Friday, June 04, 2010

How Illegal Immigration Is Tearing Apart the Very Fabric of the United States By Benyamin Korn


June 03, 2010

Can American Jews, who have always embraced ethnic diversity and generous immigration policies, support legislation to curb illegal immigration? Yes, we can -- and we should.

Traditional Jewish support for a liberal U.S. immigration policy has been rooted in two concepts: one practical, one idealistic. The practical is the need to shelter refugees from persecution; the idealistic is our vision of a pluralistic, multiethnic society.

The recent law passed in Arizona, and a similar bill that was proposed in the Pennsylvania House (HB 2479), may not be perfect, but they are broadly consistent with both of these goals.

America -- today a home to all peoples -- opened its doors to successive waves of Jewish immigrants in the 19th and 20th centuries. German Jews came in the mid-1800s, working their way up from pushcart peddling to creating the likes of Macy's and Bloomingdale's. Russian Jews came in the early 1900s, fleeing tsarist pogroms. The American Jewish community owes its very existence to America's open doors.

The closing of those doors spelled doom for millions. Despite U.S. Jewry's fervent support for President Franklin Roosevelt, it was his administration that refused to admit all but a handful of European Jews fleeing persecution in the 1930s and '40s.

The longest-serving Jewish member of Congress, Emanuel Celler, who fought unsuccessfully to pry open America's doors during the Holocaust, was the one who eventually brought about the abolition, in 1965, of the old "national origins" immigration quotas, which had kept out people whose countries of origin were considered less desirable (i.e., East European Jews and Italian Catholics).

It's vital to keep in mind, however, that what American Jews like Celler were fighting for was legal immigration. They were seeking flexibility within the existing immigration law, and at least temporary shelter for those fleeing persecution.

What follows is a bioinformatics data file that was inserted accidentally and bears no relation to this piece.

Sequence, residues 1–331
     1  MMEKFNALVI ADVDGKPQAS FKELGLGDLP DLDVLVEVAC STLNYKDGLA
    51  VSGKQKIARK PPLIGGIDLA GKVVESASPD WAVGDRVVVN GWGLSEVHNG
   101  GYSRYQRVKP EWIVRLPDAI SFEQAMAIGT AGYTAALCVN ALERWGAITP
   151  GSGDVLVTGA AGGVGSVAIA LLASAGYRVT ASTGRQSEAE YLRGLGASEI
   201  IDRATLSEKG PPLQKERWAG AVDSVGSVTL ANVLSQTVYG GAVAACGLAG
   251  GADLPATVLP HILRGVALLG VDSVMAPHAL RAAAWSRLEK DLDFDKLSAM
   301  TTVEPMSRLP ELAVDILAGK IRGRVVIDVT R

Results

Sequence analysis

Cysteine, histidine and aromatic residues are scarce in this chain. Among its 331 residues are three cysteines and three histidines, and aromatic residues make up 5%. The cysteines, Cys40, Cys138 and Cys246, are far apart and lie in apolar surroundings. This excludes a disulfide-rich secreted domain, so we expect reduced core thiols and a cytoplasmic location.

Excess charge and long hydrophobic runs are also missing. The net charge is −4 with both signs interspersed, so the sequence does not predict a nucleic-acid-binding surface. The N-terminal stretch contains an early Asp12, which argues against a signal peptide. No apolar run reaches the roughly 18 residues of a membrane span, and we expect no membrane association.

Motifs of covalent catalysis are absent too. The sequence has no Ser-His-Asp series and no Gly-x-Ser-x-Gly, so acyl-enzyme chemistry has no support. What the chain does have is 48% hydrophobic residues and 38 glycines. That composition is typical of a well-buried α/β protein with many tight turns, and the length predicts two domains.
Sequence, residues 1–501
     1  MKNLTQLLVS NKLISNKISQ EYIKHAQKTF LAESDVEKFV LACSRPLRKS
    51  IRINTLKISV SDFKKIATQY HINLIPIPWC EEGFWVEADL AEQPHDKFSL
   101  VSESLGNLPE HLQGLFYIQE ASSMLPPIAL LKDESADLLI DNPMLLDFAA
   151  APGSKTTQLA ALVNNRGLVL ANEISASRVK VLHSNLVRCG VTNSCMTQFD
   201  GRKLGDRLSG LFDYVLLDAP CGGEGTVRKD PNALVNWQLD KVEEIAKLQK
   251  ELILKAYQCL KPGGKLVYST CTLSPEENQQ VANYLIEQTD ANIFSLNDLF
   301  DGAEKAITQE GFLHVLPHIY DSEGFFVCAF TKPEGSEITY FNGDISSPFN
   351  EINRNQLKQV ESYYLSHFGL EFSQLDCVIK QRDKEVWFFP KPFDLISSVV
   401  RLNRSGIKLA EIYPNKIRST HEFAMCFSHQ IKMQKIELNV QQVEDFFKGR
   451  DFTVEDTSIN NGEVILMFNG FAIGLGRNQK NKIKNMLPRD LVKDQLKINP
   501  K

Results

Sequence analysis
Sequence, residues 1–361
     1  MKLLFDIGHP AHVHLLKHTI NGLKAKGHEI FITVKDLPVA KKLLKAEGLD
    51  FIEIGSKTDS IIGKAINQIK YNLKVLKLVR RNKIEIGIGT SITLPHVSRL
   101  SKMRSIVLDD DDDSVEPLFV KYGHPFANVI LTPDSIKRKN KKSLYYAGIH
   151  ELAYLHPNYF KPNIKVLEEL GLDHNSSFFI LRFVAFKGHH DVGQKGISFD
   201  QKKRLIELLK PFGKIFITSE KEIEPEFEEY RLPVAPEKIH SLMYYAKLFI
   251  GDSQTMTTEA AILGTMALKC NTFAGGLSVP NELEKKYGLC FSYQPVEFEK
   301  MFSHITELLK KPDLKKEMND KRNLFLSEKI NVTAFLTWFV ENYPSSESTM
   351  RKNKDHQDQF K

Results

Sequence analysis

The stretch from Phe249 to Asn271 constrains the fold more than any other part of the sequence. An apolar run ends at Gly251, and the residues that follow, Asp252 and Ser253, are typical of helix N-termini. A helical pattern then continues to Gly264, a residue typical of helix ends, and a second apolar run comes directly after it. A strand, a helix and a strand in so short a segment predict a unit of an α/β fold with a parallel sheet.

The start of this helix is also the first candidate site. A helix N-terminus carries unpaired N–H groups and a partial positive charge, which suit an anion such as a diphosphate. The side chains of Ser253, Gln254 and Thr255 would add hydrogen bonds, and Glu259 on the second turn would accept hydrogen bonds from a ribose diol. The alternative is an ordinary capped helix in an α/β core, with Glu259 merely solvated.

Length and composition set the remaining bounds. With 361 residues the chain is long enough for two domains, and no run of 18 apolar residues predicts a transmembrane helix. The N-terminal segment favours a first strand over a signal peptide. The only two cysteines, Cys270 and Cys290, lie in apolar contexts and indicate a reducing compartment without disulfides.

American law today provides for both. "The U.S. has the highest legal immigration in the world," former New York City Mayor Ed Koch pointed out in a recent column. "Every year, we allow 750,000 immigrants to enter the country legally and make them eligible for citizenship within five years."

As for emergency shelter, any refugee who can demonstrate a "well-founded fear of persecution" in his or her native land qualifies for asylum and eventual U.S. citizenship. Each year, the president sets the maximum number of refugees who can be granted asylum; for 2010, President Barack Obama has set it at 80,000.

Of course, welcoming strangers from around the globe fosters the kind of diverse, multiethnic society that Jews have long advocated. But there has to be limits.

Recent history provides us with a bitter example of what happens otherwise. In 1980, Fidel Castro decided to empty Cuba's prisons and mental-health facilities. An estimated 125,000 Cubans boarded ships in the Mariel Harbor and headed for Florida. President Jimmy Carter let them in. The problem was not that they were Hispanic; the problem was that so many of them were criminals.

Everyone has the right to expect the U.S. government to enforce federal laws against illegal immigration. Only when the federal government proved lax in its administration of existing laws were individual states compelled to act.

Opponents of the Arizona law and the proposed Pennsylvania measure, recalling the racism and anti-Semitism that sometimes marred American society in the past, understandably fear that action against illegal immigration could lead to oppressive racial profiling.

Arizona has already acted to address those fears with a second measure, requiring police to request proof of citizenship only when they are stopping someone suspected of another crime.

Likewise Pennsylvania's HB 2479 states clearly that a police officer can check a suspect's immigration status only if he has arrested him after determining that there is "probable cause" that the person committed a crime. In law, the suspect's race or ethnicity is irrelevant. It is actions that count.

Benyamin Korn, former executive editor of the Jewish Exponent, is director of Jewish Americans for Sarah Palin and

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